A first-hand account of the recent Cuban President’s visit to the UK


It would be hard to overstate the importance of the visit of President Miguel Diaz-Canel to the United Kingdom in mid-November. A trip originally scheduled as a stopover forming part of a more extensive global journey, developed into a significant visit not least because Diaz-Canel is new Cuban President, but he was also the first ever Cuban President to visit the UK.

The Far Eastern leg of the delegation which included Vice President Ricardo Cabrisas among other senior Ministers focused on trade, diplomatic and sporting relations. The visit took in China and President Xi Jinping, Russia and President Putin, Laos and President Bounnhang Vorachith and Vietnam and President Nguyen Phu Trong. Understandably, we focus this account on the visit to the UK and the development of the relationships which can be achieved here and in Cuba and that route of travel is now mainstream.

Diaz-Canel had meetings with the Chancellor, Philip Hammond, Trade Secretary Liam Fox and Prince Charles. Earlier this year, Philip Hammond took a significant step as Foreign Secretary as the first top leadership Minister to visit Cuba in over half a century. The other dates with UK Ministers were directed at normalising trade, cultural and sporting relationships. I was fortunate to spend almost the whole time with the President on his main day of the visit.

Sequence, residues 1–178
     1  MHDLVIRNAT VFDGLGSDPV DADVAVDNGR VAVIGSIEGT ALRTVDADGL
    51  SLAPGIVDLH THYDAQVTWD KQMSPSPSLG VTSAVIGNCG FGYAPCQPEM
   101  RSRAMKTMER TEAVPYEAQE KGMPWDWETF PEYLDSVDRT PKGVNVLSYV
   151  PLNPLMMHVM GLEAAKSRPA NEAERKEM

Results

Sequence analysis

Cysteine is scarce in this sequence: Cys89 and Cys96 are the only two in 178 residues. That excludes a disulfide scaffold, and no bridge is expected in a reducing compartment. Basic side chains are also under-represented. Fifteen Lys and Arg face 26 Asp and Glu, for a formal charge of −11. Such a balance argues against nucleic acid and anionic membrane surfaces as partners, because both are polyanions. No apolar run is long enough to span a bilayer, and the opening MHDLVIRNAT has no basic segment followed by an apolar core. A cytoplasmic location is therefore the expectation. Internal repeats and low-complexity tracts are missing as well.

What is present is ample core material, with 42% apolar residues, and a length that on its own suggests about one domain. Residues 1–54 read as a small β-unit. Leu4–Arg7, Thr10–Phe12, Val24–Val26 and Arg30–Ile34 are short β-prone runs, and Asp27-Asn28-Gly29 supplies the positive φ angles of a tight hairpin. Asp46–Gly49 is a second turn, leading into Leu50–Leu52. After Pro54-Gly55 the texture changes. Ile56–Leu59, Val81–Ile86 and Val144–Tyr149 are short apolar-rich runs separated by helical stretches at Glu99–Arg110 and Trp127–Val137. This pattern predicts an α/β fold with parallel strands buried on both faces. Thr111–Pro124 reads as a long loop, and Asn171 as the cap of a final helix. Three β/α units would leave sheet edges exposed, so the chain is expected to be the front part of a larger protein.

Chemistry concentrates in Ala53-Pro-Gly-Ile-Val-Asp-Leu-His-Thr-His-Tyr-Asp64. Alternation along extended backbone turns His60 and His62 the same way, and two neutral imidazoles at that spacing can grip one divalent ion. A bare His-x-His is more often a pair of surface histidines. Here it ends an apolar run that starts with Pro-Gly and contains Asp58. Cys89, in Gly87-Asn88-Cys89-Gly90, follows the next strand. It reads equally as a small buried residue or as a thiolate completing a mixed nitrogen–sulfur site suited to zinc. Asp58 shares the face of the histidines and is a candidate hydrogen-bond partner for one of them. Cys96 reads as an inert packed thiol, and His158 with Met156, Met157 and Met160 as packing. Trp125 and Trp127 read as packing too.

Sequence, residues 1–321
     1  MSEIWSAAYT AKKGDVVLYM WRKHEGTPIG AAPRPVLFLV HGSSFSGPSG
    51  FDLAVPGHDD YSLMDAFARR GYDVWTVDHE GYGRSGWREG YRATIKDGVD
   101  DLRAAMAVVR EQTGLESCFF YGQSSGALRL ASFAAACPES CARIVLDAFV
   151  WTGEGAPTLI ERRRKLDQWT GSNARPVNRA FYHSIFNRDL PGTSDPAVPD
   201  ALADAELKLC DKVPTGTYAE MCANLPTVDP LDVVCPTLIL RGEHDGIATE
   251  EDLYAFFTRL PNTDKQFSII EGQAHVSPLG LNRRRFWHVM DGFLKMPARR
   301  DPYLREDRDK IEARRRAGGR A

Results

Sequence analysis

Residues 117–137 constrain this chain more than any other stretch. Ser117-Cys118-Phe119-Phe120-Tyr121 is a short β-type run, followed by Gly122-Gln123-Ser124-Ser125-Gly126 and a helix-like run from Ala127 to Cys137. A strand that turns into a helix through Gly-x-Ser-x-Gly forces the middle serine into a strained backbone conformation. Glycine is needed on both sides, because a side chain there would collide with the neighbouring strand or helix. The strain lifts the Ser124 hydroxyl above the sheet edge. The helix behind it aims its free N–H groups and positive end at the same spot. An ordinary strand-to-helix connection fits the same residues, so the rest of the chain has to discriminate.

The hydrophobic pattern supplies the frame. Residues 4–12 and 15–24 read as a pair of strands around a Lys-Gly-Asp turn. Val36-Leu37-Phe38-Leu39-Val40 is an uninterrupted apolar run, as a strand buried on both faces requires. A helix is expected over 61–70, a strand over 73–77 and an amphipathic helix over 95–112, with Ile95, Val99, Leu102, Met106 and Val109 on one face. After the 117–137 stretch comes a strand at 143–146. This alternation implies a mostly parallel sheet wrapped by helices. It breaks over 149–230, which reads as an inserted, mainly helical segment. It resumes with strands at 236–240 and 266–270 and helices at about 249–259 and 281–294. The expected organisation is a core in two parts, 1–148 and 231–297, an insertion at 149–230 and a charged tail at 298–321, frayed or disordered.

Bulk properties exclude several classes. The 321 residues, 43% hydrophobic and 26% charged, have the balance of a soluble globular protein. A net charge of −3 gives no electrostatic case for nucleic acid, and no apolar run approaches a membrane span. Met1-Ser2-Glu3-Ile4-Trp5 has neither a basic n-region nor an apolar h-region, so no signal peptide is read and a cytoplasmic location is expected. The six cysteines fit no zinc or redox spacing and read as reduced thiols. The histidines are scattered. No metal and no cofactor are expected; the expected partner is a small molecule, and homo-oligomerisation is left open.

He started the morning with a visit to the Abbey Road Recording Studios, a small homage to the Beatles including the obligatory photo on the zebra crossing. From there to a full meeting of the Cuba Initiative – an independent, bi-lateral body that supports trade and investment between UK and Cuba – which I have the honour of chairing for a detailed discussion of his priorities for the economic growth of his country. The business audience of course had their advice and perspective and it was a positive discussion. I had agreed in advance with Vice President Cabrisas on the need for a relaunch of the Cuba Initiative in the first half of next year, a proposal enthusiastically endorsed by Diaz-Canel. I was particularly pleased to hear his explicit support for the formation of the new investment bank, a joint venture between Salamanca Group and Havin Bank, in Havana and which will steer many of the major projects central to economic growth. Everyone was conscious that however much interest there is in Cuban business development, it will take careful advisory and structuring work to succeed and the Cubans have decided that a shared joint venture with London know-how is the place to start.